Becoming a Writer

For four years, I worked for the Office of the Superintendent of Public Instruction in Washington state.  That means that I was working for the state department of Education.

I worked with a group of students who were learning English as a Second Language.  They’re good kids.  I had great colleagues.  I had marvelous bosses.  I got to travel and do meaningful work.

My friends in Washington state are fantastic people.  I made a decent living, and I was able to buy a house and get a dog.

Nevertheless, something bit at me.  Education wasn’t the field that I wanted to spend the rest of my life in.  I wanted to write books.  More than that, I wanted to write books that people love to read.

I tried to write books after work.  I would begin a book then stall out.  I didn’t have the mental energy to push them through to the end.  I was tired when I got home, and I either wanted to be with my friends or go skateboarding.  Or both.

In the beginning of 2018, at the end of a long, dark, wet winter in Washington state, I decided that I needed a change.  I needed to change my career, and I decided that I was going to do it.

So I did.

This is the post about how I changed my career and my life.

I started off with a very basic emotion: fear.

I was afraid of ending my days doing a job that I liked but did not love.

I was afraid of being without a job and money.

Most of all, however, I was afraid of not trying to achieve my goal of being a writer.  I was very afraid that if I died and did not try to do the thing that I really loved—to write—then I would forever sell myself short.

There were many decisions to be made.  I needed first to decide where I wanted to go.

After months of deliberation, I settled on a beach town in Mexico.

There were a few reasons.  America seemed too expensive to live in without a regular income, even in states with a low cost of living.

Faraway places would require airfare, and I could take fewer things.  I would need to re-purchase more things once I arrived.

I could drive to Mexico, and I could be near the ocean.  I love to swim.  I love warm weather.  I love fruits and coffee.  I love the Mexican people.

So I chose Mexico.

When I left Washington state, I could not take everything with me.  The hardest things to leave behind were my friends.

I also needed to decide what to do with the house I owned.  First, I considered selling it.  I got an estimate.  I looked at my property taxes.  I looked at comparable housing prices.

Then I spoke with a property management company.  My friend and I spent hours fixing the place up, then I rented it out.  Despite the repairs that we did, the property management company wanted to do more, and I consented.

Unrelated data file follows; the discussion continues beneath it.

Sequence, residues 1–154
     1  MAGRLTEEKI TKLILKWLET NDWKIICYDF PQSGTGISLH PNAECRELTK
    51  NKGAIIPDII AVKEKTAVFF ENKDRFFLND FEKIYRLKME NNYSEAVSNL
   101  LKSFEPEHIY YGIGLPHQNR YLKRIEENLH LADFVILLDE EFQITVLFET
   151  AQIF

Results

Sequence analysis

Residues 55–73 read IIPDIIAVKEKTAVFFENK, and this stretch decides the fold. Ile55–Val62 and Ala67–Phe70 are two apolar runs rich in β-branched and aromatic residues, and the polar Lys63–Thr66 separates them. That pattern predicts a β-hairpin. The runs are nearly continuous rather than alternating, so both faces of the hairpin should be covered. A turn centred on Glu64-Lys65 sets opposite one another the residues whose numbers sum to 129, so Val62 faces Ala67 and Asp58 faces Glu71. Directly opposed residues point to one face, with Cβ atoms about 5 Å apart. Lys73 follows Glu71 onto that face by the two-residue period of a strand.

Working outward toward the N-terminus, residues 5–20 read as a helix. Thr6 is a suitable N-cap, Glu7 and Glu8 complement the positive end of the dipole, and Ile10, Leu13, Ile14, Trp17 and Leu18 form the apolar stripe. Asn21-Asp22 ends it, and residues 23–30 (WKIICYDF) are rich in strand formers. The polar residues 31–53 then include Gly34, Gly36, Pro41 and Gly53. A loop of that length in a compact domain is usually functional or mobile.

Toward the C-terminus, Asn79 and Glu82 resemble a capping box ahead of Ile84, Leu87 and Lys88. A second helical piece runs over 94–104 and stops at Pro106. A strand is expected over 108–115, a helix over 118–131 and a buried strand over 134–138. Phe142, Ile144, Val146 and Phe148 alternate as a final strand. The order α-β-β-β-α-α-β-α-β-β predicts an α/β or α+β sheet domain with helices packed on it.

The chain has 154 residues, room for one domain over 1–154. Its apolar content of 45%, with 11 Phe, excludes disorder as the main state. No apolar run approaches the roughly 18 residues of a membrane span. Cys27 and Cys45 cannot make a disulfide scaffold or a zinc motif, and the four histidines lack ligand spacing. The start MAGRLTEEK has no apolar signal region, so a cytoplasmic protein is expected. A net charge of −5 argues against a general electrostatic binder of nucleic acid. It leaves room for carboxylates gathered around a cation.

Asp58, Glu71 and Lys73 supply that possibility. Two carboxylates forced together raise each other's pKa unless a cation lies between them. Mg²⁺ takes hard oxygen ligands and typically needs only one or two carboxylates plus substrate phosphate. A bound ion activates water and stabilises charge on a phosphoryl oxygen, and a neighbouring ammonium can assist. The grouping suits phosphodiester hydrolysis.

Renting a house is expensive.  My property management company charges high fees for every repair.  They charge a monthly fee.  They took a cut for a finder’s fee.  They recommended that I increase my renter’s insurance premiums, and I consented.

But the property management company manages the property so that I don’t have to, which is exactly what I want them to do.

Next I needed to decide what to do about my car insurance.  I called my insurance company, and they said I would not be covered in Mexico.  They recommended a Mexican insurance company.  I cancelled my insurance.

I next needed to decide what to do about my health insurance.  I was covered during the time that I was in the United States because of the job that I was in.  I would not be covered in Mexico.  I have no health insurance.

Then it was time for packing.  I knew that I could not pack everything.  I called two estate sale companies, and they offered to give me a fraction of what I thought my furniture was worth.  I thought that I could do better myself.  So I started selling my furniture on OfferUp and Craigslist.  I sold my bed, my sofa, my kitchen table, my end table, my dresser, and more.  I gave my radial arm saw to a friend.  I sold almost everything.  I did not get a good return, but I did better than I would have with an estate sale company.

Next I needed to pack.  I only packed what I could carry in my pickup.  I brought clothes, a coffee pot, forks and knives, a skillet, and the things that I needed to write.  I bought plastic containers for them, and I tied everything down.

Then I set off south one winter’s night.  It was Friday, December 7th, 2018.

I drove south through Washington state along I-5.  I crossed into Oregon.  The way was rainy and dark through Oregon, and the wind whipped the rain in sheets.

I stopped at around 3 in the morning at a semi-abandoned parking lot in a small, quiet town in southern Oregon.  I got a few hours’ sleep.  It was cold, and I woke up every twenty minutes or so to turn on the heat in my truck.  My truck would heat up, then I would turn it off, and I’d go to sleep.  Then I’d wake up again from the cold and repeat the process.